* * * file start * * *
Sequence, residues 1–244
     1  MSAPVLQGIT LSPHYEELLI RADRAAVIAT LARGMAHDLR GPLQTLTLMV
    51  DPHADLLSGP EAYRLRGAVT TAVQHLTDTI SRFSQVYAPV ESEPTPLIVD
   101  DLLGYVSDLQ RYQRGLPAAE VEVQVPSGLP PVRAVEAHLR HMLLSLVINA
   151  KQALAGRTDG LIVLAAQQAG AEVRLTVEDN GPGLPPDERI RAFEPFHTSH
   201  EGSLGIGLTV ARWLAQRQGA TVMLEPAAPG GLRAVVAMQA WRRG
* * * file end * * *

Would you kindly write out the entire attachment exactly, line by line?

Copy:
Sequence, residues 1–244
     1  MSAPVLQGIT LSPHYEELLI RADRAAVIAT LARGMAHDLR GPLQTLTLMV
    51  DPHADLLSGP EAYRLRGAVT TAVQHLTDTI SRFSQVYAPV ESEPTPLIVD
   101  DLLGYVSDLQ RYQRGLPAAE VEVQVPSGLP PVRAVEAHLR HMLLSLVINA
   151  KQALAGRTDG LIVLAAQQAG AEVRLTVEDN GPGLPPDERI RAFEPFHTSH
   201  EGSLGIGLTV ARWLAQRQGA TVMLEPAAPG GLRAVVAMQA WRRG